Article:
Insight

Donors determine what NGOs do

  • By Oscar Kimanuka
  • March 25, 2012
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Send A Cow, an international NGO has helped to lift many from abject poverty by donating cows to families in poor countries. Net Photo

AID   Influence of donors has been a source of apprehension


EU foreign policy chief Catherine Ashton holds talks at the EU headquarters in Brussels. The EU is the largest donor to developing countries. /Net Photo

The purpose of this article is not to disregard what Aid agencies and rich NGOs from our affluent friends from the north are doing to curtail the frightening levels of poverty in Africa, and indeed the developing world, but it is to point out what I believe is an unfair relationship which if not corrected could bring animosity between those being assisted and those lending the hand through development assistance.

Interestingly, this is a time when most donors are already balancing books on the backs of the poor following the financial crisis that is taking place in many countries of the developed world, especially Western Europe and the United States.

It is well known that the 1980s and 1990s were years of phenomenal growth in number and roles which NGOs had to play in various fields. This expansion has been in both the developing and the developed world. According to Broadhead and Masoni, the NGOs have from relative obscurity nearly two decades ago, found themselves catapulted into international limelight.

One of the reasons for this respectability and prominence is pragmatic considerations. For instance NGOs are viewed by our bilateral partners as more efficient conduits for development inputs than the often discredited official agencies.

These ‘darlings’ of the official agencies are said to be targeting the poorer sections of communities, particularly in the developing world. This coupled with their relatively low cost management style is an instant attractive alternative to donors.

The 1980s were a difficult period for many developing countries. For Africa, the 1980s were a lost decade. This was a period of unprecedented hardships with falling commodity prices, structural macro-economic imbalances and rising external debts.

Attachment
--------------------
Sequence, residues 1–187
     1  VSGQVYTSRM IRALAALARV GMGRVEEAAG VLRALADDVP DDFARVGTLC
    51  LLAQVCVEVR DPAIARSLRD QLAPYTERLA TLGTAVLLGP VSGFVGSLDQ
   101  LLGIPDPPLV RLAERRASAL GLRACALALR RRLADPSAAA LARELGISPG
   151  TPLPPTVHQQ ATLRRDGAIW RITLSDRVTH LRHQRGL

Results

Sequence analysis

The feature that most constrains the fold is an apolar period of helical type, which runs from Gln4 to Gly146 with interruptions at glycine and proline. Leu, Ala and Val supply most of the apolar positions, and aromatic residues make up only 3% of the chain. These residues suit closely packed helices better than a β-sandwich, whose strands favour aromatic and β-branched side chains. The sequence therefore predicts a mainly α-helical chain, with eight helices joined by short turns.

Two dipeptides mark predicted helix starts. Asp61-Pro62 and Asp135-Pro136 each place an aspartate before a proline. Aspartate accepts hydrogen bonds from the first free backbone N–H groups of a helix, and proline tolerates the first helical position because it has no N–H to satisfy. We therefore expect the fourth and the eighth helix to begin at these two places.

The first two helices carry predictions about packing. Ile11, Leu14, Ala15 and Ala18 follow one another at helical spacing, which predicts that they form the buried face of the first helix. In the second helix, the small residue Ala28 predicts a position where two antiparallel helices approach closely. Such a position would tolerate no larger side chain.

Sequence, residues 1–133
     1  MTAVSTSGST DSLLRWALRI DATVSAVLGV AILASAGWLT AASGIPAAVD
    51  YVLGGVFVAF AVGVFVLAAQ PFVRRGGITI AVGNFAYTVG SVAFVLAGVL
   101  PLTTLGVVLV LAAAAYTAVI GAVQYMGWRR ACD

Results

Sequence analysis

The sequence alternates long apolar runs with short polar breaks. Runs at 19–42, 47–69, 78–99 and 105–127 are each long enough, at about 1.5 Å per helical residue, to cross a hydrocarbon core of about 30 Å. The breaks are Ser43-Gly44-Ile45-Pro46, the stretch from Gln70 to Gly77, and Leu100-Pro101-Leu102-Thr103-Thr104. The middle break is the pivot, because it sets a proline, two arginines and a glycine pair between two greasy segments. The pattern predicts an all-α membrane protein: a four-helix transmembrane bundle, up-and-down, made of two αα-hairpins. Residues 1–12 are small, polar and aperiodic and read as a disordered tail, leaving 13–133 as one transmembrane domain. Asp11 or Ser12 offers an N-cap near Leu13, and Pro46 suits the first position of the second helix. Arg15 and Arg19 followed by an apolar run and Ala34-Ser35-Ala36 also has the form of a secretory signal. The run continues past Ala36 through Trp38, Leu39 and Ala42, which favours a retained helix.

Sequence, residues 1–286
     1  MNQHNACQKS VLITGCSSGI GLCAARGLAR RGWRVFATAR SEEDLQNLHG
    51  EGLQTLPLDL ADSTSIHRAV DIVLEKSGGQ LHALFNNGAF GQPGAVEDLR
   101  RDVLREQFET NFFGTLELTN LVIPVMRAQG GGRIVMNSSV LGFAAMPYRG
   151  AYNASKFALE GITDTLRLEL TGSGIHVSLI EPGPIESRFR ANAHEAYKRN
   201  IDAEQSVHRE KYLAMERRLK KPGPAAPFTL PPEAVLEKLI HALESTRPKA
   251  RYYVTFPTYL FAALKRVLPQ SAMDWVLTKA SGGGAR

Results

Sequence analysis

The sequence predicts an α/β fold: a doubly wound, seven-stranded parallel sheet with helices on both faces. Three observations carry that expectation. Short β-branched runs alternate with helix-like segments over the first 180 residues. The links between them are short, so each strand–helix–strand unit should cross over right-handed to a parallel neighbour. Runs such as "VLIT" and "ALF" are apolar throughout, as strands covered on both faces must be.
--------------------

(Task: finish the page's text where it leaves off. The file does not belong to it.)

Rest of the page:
As if this was not enough, severe famine and drought affected many countries in Africa. One of those serious famines was the Ethiopian famines that attracted celebrities to raise awareness and money in support of the millions of Ethiopians who were at the risk of starvation.

With the apparent failure for governments to provide basic services such as health care, education and employment, the voluntary sector found it inevitable to fill up the gap using funds mainly provided by donors, the international financial institutions and agencies.

This financial influence from the donors has crucially affected the independence and operations of NGOs to the extent that it has challenged the very philosophy of their work.

In examining the role of NGOs in development issues, it would be appropriate to distinguish between the northern NGOs, a number of which facilitate southern NGOs, and the southern NGOs themselves, which are recipients of the said northern ‘partners’.

The history of northern NGOs stretch as far back as colonization and membership spread geographically to many parts of the world. According to Peggy, 1987, these organizations are better endowed than their third world counterparts.

For instance, in as far as finance is concerned, they get funding from their own governments as well as from private and corporate philanthropy.  On the other hand there are the southern NGOs which are not as well endowed as their northern counterparts and occasionally live on a hand to mouth basis. Although they get some of their support from the northern NGOs and donors, their life is characterized by ‘constant fear, apprehension and destabilization’. 

These NGOs are often cash strapped and when they get funds to support their projects, they spend a lot of time accounting to their northern benefactors.  Both NGOs face a formidable challenge in their attempt to influence the policies of donor agencies.

Apart from the dependency, the donors have procedures and specific requirements, and these may be more or less rigorous, intimidating, frustrating or simply unacceptable to indigenous NGOs. In situations where for example there are shortages, NGOs are strongly tempted to ‘go where the money is’ to dress their projects to fit the priority of donors.